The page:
Tension is definitely the name of the game when it comes Jóhann Jóhannsson’s score, which was also Oscar nominated. Dominated by elongated, heavy strings and pacey, heartbeat-emulating percussion, it makes the threats lurking in every corner feel tangible; makes the sense that everything is doomed and liable to go south at any moment palpable. It’s a major contributor to the film’s mood.

It may have familiar genre building-blocks at heart, but between Sheridan’s focus on character, Blunt and Del Toro’s nuanced performances, Deakins’ fantastic imagery, Jóhannsson’s intense music, and Villeneuve’s skilful orchestration of every aspect, Sicario emerges as a film that exceeds the artistic and emotional effect you’d typically expect from a “genre movie” without sacrificing the thrills that should be inherent.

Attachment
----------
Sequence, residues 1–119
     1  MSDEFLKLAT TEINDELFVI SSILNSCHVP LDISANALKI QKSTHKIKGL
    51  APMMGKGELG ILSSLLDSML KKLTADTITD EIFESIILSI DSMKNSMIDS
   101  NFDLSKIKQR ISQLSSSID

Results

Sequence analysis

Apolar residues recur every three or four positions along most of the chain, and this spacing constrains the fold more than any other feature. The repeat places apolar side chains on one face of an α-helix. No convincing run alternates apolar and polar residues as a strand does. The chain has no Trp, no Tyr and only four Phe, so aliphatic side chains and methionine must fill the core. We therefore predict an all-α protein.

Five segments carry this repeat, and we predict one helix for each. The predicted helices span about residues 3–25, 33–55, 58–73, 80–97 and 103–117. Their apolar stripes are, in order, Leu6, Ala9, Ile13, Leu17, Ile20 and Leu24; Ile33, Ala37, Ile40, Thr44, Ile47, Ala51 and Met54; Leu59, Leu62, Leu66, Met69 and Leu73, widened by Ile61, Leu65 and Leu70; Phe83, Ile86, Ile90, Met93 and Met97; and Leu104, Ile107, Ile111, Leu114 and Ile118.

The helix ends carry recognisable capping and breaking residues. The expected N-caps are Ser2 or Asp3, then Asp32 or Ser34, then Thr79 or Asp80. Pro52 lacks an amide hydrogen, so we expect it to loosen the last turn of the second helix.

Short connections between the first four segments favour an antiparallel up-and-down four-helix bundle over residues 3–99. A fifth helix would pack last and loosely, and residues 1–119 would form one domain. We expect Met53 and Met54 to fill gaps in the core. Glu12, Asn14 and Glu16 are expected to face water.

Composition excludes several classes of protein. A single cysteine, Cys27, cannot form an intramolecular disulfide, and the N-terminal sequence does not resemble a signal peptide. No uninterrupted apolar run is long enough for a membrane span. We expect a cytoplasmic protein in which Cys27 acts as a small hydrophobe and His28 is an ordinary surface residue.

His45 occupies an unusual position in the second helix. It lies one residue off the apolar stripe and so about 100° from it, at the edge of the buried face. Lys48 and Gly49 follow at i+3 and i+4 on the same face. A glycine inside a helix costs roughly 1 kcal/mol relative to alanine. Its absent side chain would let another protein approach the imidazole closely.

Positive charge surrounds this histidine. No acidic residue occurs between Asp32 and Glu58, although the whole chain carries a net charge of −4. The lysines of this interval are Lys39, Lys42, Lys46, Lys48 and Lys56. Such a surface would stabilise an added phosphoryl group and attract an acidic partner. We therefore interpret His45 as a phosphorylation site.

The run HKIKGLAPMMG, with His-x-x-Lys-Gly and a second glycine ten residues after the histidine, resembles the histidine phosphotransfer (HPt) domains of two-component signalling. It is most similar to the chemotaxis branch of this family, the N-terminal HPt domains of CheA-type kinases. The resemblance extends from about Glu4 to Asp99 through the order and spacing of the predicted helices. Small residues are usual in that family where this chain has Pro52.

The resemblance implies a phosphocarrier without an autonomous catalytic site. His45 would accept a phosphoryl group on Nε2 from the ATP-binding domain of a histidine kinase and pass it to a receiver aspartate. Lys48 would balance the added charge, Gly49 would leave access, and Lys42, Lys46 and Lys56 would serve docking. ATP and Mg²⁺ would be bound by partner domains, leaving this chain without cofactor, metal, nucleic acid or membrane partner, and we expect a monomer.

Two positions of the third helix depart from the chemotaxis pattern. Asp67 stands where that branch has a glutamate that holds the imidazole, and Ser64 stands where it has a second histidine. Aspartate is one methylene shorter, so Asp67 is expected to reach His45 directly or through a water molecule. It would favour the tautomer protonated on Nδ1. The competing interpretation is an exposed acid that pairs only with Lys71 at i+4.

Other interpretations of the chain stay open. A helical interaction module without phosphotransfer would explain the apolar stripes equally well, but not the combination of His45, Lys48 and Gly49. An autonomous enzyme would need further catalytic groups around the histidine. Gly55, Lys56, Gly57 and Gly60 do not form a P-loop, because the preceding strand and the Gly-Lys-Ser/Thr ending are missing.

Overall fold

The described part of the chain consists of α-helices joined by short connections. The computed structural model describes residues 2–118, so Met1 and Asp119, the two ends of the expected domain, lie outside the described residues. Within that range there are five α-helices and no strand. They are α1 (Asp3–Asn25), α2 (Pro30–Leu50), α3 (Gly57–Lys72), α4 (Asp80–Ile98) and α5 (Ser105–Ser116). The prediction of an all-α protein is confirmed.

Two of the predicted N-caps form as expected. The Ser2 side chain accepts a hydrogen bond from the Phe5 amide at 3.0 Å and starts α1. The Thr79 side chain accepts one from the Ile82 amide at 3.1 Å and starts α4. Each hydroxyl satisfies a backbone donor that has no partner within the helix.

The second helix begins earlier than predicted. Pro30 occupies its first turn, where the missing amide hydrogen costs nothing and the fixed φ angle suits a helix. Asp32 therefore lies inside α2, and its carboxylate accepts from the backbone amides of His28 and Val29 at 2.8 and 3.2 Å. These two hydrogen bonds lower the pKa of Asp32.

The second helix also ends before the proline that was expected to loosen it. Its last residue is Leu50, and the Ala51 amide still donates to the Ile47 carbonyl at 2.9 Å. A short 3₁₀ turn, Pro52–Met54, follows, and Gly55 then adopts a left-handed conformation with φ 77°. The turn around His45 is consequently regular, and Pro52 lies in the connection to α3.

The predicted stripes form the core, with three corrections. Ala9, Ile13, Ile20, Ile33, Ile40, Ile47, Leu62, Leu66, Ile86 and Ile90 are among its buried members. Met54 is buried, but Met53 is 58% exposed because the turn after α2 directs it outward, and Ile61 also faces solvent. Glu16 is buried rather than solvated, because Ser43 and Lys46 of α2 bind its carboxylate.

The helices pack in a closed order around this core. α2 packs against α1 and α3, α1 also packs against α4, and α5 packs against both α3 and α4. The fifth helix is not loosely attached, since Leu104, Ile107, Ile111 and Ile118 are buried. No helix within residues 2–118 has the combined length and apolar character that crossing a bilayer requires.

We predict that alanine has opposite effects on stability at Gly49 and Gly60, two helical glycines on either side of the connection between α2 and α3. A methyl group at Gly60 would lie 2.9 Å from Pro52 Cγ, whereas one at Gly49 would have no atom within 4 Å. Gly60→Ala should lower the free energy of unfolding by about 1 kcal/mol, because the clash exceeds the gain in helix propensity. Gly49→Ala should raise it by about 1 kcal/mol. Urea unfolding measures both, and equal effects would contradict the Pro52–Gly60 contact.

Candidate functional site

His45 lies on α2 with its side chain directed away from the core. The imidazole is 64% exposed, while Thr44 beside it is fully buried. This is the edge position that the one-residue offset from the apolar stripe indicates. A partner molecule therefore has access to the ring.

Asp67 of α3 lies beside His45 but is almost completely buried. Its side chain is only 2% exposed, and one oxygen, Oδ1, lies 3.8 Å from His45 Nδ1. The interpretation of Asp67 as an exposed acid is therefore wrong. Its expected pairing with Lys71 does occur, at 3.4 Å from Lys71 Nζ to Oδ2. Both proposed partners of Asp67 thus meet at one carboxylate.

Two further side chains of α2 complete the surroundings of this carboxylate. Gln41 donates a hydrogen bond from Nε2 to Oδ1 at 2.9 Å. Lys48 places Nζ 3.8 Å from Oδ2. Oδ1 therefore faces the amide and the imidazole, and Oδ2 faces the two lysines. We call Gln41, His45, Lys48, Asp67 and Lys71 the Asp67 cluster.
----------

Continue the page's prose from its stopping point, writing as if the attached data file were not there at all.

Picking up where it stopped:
5 out of 5

Sicario is available on Netflix UK as of yesterday.

It placed 1st on my list of The 20 Best Films I Saw For the First Time in 2016, which can be read in full here.

Snatch. (2000)

2016 #2
Guy Ritchie | 103 mins | streaming (HD) | 16:9 | UK & USA / English & Russian | 18 / R

Guy Ritchie’s second feature met with relative indifference 16 years ago, consensus deeming it Lock Stock Mk.2 and finding Ritchie needed to branch out if he was to meet his debut’s promise. (It only took a further four films to realise that for himself.) The consensus is very different today: taking IMDb’s Top 250 as a bellwether, Snatch is #94 and Lock Stock is #138.

I thought it was like Pulp Fiction refashioned in the style of Lock Stock, but with more-connected stories that play concurrently.

It was fine. Above average, even.

That’s all I have to say about it.

4 out of 5